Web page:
Depending on the type of account you have, another reason to call before you pack your bags is to cash in on perks, says Hopper. “A lot of issuers have travel concierge type services. Before your vacation is fully planned out, call and ask if there are any hotel discounts, entertainment access or other travel offers,” he says, since that’s a benefit that a lot of cards offer today.
5. If there is suspicious activity
Perhaps the most important reason to contact your credit issuer is if you see charging activity on your account that you don’t recognize. While it might not always turn out to be fraudulent, calling the number on the back of your card is the fastest way to get some peace or mind or take action if necessary, says Hopper.
“Sometimes transaction authorizations will come through and it will list a payment or service you don’t recognize,” he says. The name of the actual vendor or merchant might take a day or two to show up on your account, or the company may do its billing under a different business name. By calling, customer service will be able to provide more details, including the time and place the transaction was made. “They will know more about the authorization stream than what you might see online and that can help shed some light on what might be an unrecognized activity,” he says.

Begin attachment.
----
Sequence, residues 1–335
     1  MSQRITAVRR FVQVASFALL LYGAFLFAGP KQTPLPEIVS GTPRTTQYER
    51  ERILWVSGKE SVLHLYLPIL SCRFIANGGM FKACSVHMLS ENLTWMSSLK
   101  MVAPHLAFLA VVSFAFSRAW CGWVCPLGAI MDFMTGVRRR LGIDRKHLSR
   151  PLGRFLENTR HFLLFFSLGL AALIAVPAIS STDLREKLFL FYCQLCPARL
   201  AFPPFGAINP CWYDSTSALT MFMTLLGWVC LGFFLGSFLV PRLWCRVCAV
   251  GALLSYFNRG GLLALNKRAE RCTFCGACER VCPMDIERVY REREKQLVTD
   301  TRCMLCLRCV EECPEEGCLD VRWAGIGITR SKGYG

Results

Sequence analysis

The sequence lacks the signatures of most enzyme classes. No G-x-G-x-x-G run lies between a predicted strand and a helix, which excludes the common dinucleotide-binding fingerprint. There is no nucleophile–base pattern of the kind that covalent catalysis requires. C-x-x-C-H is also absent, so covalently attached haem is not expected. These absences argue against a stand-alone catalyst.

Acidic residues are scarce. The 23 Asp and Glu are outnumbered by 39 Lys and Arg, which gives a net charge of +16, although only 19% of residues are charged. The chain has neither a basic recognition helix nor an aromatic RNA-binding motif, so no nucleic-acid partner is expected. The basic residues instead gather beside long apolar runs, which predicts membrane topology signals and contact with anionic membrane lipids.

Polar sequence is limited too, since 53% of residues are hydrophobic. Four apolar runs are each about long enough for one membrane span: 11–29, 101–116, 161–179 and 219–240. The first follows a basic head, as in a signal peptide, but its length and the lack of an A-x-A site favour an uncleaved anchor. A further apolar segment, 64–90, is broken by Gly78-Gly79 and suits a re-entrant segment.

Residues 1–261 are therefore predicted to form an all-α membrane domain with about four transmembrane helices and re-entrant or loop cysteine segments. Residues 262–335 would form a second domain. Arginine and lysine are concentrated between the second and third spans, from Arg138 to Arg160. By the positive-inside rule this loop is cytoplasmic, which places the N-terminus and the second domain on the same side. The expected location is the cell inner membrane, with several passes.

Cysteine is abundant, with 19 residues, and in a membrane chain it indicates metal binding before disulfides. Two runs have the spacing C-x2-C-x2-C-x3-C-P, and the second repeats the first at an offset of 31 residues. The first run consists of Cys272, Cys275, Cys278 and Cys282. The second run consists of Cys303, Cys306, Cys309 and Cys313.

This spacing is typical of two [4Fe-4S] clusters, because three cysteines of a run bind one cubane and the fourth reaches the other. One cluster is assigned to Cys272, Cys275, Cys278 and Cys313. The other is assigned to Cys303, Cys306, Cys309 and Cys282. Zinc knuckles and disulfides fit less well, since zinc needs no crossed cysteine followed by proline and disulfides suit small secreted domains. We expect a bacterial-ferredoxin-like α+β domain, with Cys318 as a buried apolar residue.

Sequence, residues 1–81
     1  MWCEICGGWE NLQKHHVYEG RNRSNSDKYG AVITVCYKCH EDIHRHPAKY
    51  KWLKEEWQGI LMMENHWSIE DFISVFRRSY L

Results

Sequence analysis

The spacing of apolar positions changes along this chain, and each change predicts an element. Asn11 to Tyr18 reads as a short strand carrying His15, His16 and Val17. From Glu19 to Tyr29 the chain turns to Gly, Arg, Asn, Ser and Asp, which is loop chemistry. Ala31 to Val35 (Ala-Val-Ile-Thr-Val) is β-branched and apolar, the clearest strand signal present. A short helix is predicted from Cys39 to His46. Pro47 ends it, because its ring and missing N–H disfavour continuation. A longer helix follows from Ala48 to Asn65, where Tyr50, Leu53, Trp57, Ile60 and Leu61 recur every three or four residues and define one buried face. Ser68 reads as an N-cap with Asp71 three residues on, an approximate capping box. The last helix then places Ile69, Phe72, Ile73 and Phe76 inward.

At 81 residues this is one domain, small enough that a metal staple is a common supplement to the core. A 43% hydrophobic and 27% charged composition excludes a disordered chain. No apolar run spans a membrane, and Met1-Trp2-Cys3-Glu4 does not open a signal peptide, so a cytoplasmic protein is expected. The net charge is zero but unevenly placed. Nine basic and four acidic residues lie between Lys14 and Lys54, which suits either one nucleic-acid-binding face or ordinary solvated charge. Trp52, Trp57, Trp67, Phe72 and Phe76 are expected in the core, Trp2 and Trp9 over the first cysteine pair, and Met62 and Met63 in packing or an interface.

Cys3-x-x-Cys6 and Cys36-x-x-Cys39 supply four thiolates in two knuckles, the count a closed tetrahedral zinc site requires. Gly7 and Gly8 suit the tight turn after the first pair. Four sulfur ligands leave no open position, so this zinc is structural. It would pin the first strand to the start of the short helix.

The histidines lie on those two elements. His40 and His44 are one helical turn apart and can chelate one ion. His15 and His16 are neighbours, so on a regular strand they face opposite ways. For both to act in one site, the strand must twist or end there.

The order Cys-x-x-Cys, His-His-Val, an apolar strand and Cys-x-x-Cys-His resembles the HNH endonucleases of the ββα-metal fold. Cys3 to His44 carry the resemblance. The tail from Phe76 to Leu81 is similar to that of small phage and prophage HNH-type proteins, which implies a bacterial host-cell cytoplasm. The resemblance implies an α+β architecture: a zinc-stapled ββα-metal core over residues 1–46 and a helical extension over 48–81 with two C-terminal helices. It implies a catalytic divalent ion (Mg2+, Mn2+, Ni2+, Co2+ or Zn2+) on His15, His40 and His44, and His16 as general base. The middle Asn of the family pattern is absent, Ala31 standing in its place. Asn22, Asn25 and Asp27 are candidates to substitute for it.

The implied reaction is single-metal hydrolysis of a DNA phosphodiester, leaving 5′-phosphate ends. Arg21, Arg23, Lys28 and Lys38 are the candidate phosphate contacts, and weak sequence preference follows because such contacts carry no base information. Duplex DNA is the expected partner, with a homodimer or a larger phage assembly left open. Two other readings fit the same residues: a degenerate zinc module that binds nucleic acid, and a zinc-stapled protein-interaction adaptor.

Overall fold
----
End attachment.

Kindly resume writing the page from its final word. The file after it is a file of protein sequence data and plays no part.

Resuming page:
If you still don’t recognize the charge at that point, you can immediately dispute the charge, put a hold on your account and ask to launch an investigation.
Mind your mobile manners
Whether you’re calling for general information or assistance, these phone pointers will serve you well:
- Courtesy counts. Being polite and friendly is going to get you where you want to be a lot faster, says Hopper. Being confrontational or using bad language will not benefit you.
- Prep for the call. Before dialing, be sure you have the information you might need in front of you, such as your card number or your account history. That will help you get a quicker resolution.
- Be assertive. “Depending on your situation, it might be best to escalate the call to someone with more decision-making authority,” says Ross. Just politely explain that you feel you’re not getting the answers you need and would like to talk to supervisor, she says.
Having access to customer service is a cardholder benefit, so don't be afraid to take advantage of it.